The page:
Roselle, Bissap, Alazán de la India, Alazán Rojo, Alazán de Jamaica, Oseile de Guinee

Hibiscus sabdariffa




Roselle presently is cultivated widely in the tropics and subtropics. The presumed origin is Southeast Asia in the region from India to Malaysia. Roselle is an underutilized multipurpose crop providing farmers with food and cash income when other vegetables have become scarce. Processing generates additional family income, from which women in particular benefit.


Young Roselle shoots, leaves and calices are used as a cooked vegetable or finely cut and used in sauces. Seeds are ground and used as a meal or as a coffee substitute in Africa. The dried red calyces are commonly used to prepare a hot tea or, more commonly, a cold beverage after adding sugar. It is a sour tasting, refreshing drink. The dried calyces are used in Western countries as a base for many herbal teas and as a source of red food colorants. Roselle tea is used to suppress high blood pressure. The oil of Roselle seed is extracted and used for cooking (in Chad, Tanzania and China). However, the seed oil is claimed to contain some toxic substances and may be better used in the soap and cosmetics industries. The leaves are a source of mucilage used in pharmacy and cosmetics. Extracts are often used medicinally to treat colds, toothache, urinary tract infections and hangovers. Leaf juice is used to treat conjunctivitis in Senegal. Leaves are applied as a poultice to treat sores and ulcers. A root decoction can be used as a laxative. The ornamental value of Roselle is of recent interest, as a garden plant or cut flower. The decorative red stalks with ripe red fruits are exported to Europe where they are used in flower arrangements.


  •  Elevation: 0-2000 m (6500 ft)
  •  Rainfall: 800–1600 mm (30-60 in) of continuous annual rainfall; minimum of 100–150 mm/month (4-6 in) during vegetative growth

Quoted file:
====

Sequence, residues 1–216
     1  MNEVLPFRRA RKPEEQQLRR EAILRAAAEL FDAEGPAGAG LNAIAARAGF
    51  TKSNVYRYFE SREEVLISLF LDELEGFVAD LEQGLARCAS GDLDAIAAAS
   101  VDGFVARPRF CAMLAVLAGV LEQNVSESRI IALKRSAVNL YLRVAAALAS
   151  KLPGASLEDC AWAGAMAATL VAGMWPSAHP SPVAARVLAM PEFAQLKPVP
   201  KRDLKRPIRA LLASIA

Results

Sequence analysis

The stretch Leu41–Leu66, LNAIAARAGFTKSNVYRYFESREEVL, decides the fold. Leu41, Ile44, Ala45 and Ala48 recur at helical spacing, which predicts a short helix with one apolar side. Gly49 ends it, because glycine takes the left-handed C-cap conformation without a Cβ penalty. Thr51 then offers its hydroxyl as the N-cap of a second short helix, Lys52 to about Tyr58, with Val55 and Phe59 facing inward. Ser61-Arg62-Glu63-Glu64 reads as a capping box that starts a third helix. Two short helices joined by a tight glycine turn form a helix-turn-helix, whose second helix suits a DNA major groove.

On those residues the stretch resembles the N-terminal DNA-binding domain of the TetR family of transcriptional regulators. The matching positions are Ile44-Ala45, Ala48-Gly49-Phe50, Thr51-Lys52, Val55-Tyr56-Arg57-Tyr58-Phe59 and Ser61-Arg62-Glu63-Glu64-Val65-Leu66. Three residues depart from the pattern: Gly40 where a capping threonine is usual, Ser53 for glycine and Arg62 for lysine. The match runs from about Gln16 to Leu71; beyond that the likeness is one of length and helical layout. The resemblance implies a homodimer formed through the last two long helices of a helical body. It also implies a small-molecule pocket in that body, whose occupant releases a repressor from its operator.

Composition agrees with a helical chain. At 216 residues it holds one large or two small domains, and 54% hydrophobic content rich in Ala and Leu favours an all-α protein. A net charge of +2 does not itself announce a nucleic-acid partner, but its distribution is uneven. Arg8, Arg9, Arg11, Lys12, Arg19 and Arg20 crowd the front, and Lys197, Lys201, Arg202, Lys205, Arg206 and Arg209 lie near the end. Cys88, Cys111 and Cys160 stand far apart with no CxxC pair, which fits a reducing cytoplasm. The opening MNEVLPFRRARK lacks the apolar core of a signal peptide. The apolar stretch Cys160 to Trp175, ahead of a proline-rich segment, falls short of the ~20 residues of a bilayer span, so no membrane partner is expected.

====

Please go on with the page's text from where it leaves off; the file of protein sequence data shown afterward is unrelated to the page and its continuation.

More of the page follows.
•  Temperature:18o-35C (6o-95F); frost sensitive
  •  Soil: well-drained, neutral sandy loams, rich in humus; does not tolerate waterlogging Roselle is an annual plant normally propagated from seed but may be propagated from cuttings as well.

If seeds are sown directly in the field, a planting density of 1-2 m (3-6 ft) apart in rows 1.5-3 m (4.5-9 ft) apart is recommended. Seeds also may be planted in seed beds and transplanted at 7-10 cm (3-4 in) tall. Roselle is a short-day plant species; normally planting is done in early spring in subtropical climates if plants are grown for their herbage. Later planting is preferred (mid-May is ideal for southern Florida) if plants are grown for the pulpy calyces. Roselle may be grown as a summer crop in temperate regions. However, Roselle is frost-sensitive and does not produce fruit in temperate regions. Balanced garden fertilizers may be used in modest amount (approximately half the amount used for vegetable plants in the same region). Early pruning will encourage branching and increase fruit production. Roselle is a photoperiod sensitive plant that flowers best when the daylength is shorter than 12 hours.

Harvesting and Seed Production

The vegetative growth period lasts from 4 months to 6 months. Six weeks after transplanting, the tops of Roselle plants may be cut off for vegetable use. Two additional herbage harvests may be made at 4-week intervals after which the remaining plants are thinned and allowed to produce flowers and fruits. Calyces are harvested manually 2–3 weeks after flowering, usually 4–6 months after sowing, before the fruit has dried. Regular picking prolongs flowering. The calyces are dried in the shade.

Pests and Diseases

Root-knot nematode is a serious parasite. Mealybugs and leaf beetles may become pest problems. Scale insects may attack stems and branches. Aphids attack leaves and flower buds, and the cotton stainer feeds on ripening calyces. A mildew fungus (Oidium sp.) causing leaf damage may require control.

Cooking and Nutrition

The flavor reminds consumers from north temperate regions of cranberries. Sauces, jams and jellies can be made from finely chopped calyces. Roselle calyces contain a natural source of pectin to solidify jam or jelly preparations. Strained cooked calyces are a source of syrups added to cakes and puddings or poured over waffles, pancakes or ice cream. To make Roselle syrup, dried calyces are boiled at a ratio of 1 part dried Roselle to 4–5 parts water. Because of its very tart taste, large amounts of sugar are added. The juice often is diluted with water to make an “ade,” like lemonade. It also may be flavored with ginger and sweetened with sugar or served with ice. Roselle juice also is used to make wine. Roselle calyces are good sources of calcium and iron and the vitamins, niacin, and riboflavin. Fresh leaves contain 2-3% protein and contain traces of calcium, phosphorus, and iron.